When you’re building this community, you want to make friends, not worry about selling books. You want to give as much as you get – maybe more. You want to respond to interesting comments, start great conversations and share cool links and ideas. It’s a friendship, in essence. But you can’t do it only because you’re planning to release a book. Ideally, you should do it because you care.
2) Build an Author Platform – Here’s the area that calls for some relevant expertise or a good reason why you should take the lead in some of the above conversations. With The Thrall’s Tale, I managed to craft myself into a true Viking and history expert. I was even asked to give keynotes, lectures and comment on the MANKIND documentary. How cool is that?
But if you lack an academic focus or the inclination to write about such things, you might start the conversation with your characters. Amanda Havard apparently set up six of her characters with social media accounts and started tweeting and chatting as them, building a community around “real” people who became “real” parts of people’s digital lives. So you can be really creative about this thing, have fun with it, and make it matter to people all at the same time. Here again, stick with what feels authentic to you. I still can’t imagine having done something like that with my first millennium Viking slave girl!
3) Build Social Media Contacts and Nurture Them – Daily. No, more often than that. I hear Ann Rice and Margaret Atwood tweet five or six times a day, and they are “brand name authors”. They already have a following!
I’m terrible about doing the social media thing, but those of you who are following me might notice a slight uptick in activity. (Kick me in the pants if I slack off, please!) I also wrangled my partner Michelle for a totally self-serving training session in HootSuite, a social media aggregate program that is supposed to simplify things. Find a good friend to do the same for you, or maybe grab Michelle at TWC!
4) Then, and only then, hope that your community will buy your work. Of course! But that’s not the point. It really shouldn’t be. The point is to offer up real content, real concern, real energy and real authenticity to a community of friends and followers who just might become readers. And they’ll like your work and tell two friends and so on….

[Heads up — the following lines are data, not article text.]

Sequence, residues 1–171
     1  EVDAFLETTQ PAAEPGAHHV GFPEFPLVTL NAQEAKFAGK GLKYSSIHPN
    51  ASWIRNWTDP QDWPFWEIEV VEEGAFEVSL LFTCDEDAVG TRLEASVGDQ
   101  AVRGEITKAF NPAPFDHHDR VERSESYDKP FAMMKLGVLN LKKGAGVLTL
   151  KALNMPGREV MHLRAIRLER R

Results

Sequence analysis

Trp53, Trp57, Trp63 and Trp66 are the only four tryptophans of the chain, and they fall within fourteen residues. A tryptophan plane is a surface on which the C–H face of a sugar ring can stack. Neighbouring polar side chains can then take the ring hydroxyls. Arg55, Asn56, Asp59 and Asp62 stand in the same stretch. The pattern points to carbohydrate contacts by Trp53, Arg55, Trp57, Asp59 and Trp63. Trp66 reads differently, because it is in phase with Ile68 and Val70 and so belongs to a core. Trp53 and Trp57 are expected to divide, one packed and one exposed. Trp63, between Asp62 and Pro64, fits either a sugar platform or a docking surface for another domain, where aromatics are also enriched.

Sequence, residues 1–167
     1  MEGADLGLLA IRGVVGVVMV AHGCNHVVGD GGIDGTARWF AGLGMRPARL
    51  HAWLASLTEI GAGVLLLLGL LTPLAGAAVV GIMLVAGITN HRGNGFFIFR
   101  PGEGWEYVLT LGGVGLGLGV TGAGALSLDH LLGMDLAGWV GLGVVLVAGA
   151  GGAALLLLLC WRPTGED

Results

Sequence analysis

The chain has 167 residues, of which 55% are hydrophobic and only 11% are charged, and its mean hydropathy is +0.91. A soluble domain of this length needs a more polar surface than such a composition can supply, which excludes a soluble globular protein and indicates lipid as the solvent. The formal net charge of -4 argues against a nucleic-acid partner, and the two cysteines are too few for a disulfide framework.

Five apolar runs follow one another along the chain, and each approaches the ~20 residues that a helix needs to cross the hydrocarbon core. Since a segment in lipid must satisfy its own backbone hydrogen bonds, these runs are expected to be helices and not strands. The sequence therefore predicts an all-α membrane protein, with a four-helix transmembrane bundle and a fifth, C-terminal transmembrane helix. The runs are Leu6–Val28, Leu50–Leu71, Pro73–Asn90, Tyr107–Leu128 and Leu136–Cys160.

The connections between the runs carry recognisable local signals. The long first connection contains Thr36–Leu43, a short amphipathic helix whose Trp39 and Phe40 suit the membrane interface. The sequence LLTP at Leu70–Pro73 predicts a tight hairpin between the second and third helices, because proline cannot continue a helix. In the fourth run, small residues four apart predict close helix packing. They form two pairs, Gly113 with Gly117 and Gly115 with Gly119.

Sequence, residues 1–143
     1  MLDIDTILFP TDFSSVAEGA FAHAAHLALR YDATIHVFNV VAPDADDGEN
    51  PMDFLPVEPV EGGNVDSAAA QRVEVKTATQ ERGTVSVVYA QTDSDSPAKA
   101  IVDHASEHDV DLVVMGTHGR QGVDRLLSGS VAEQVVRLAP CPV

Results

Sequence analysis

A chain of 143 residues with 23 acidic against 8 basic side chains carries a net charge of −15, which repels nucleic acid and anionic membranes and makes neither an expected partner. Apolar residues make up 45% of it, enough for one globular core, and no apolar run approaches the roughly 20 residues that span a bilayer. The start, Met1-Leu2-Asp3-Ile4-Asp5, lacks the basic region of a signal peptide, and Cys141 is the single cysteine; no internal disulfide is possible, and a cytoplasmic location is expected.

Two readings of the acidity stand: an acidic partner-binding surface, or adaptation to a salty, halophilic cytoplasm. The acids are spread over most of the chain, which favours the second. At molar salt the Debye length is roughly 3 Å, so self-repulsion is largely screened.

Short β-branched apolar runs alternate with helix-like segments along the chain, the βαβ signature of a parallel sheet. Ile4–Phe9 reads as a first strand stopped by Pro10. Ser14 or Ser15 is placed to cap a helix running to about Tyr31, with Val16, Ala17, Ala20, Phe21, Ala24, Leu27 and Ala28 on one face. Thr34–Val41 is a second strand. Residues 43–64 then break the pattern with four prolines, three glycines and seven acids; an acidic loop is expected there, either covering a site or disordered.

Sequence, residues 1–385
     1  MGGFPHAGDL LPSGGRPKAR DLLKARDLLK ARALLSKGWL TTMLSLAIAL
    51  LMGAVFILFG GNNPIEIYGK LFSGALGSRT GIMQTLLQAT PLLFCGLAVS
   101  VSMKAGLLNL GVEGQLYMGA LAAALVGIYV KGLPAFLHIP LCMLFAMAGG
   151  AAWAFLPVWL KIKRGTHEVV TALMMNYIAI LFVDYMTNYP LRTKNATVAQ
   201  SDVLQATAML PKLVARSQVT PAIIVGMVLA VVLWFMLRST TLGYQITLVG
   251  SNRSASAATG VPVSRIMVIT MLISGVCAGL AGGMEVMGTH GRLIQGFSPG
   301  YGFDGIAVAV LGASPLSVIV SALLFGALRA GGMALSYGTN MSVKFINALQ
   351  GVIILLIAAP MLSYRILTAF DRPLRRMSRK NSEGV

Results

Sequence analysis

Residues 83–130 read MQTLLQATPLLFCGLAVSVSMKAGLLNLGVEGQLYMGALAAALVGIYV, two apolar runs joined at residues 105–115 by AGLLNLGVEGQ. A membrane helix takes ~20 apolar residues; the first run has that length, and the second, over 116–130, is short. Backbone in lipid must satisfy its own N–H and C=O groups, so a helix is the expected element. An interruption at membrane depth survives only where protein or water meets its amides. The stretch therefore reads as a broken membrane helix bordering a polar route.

OK, I know. All that sounds exhausting. I’m tired just writing it all down. In fact, one speaker at the conference suggested, “If you’re not a self-starter, don’t self-publish.” Yet it’s really no different than what any wise author does when they get a traditional publishing contract. Believe me, I see it every day with the authors I connect with on Facebook and face-to-face.
So, how to make peace with the demands of the publishing Perelandra where you’re on your own, better or worse, navigating the tumbling boulders and rippling sinkholes and heaves? More wise advice from Eve Bridburg and friends:
Find community and make good friends. For me, this means friends like all of you that I hug the moment you enter the door and am so happy to see when you show up after an absence on our class roster.
Be purposeful so you won’t feel lost. This means setting specific goals and tasks, and limits to those very same. I’m working on it (not too successfully since I barely wrote these past couple of weeks. But I’m going back to it as soon as this post is done!)
Don’t let the tactics lead. Maintain control over what you do and when you do it. Don’t try to do everything because you’ll get pulled under the horse. (Note the lead-horse metaphor? I love these things!)
Do what gives you energy and joy and makes you feel authentic. For me, again, it’s all of you and what we’re building at TWC. I love you guys and would do this even if I never wrote another word – God forbid! It’s a good life doing things I care about with people I enjoy. Who could ask for more?
Celebrate incremental success along the way, like getting out of my comfy rut and going to this conference. Clearly worth the lost time for work given all I’ve learned and all I have to share with all of you.
Last thoughts: sustaining a campaign, whether traditionally published or self-published, is hard. It takes time and commitment. It’s a distraction from your true love of words. But stick with it. Turn to your good friends and network for support. And don’t do too much. Little by little. Tweet by tweet. It’s just like writing: bird by bird.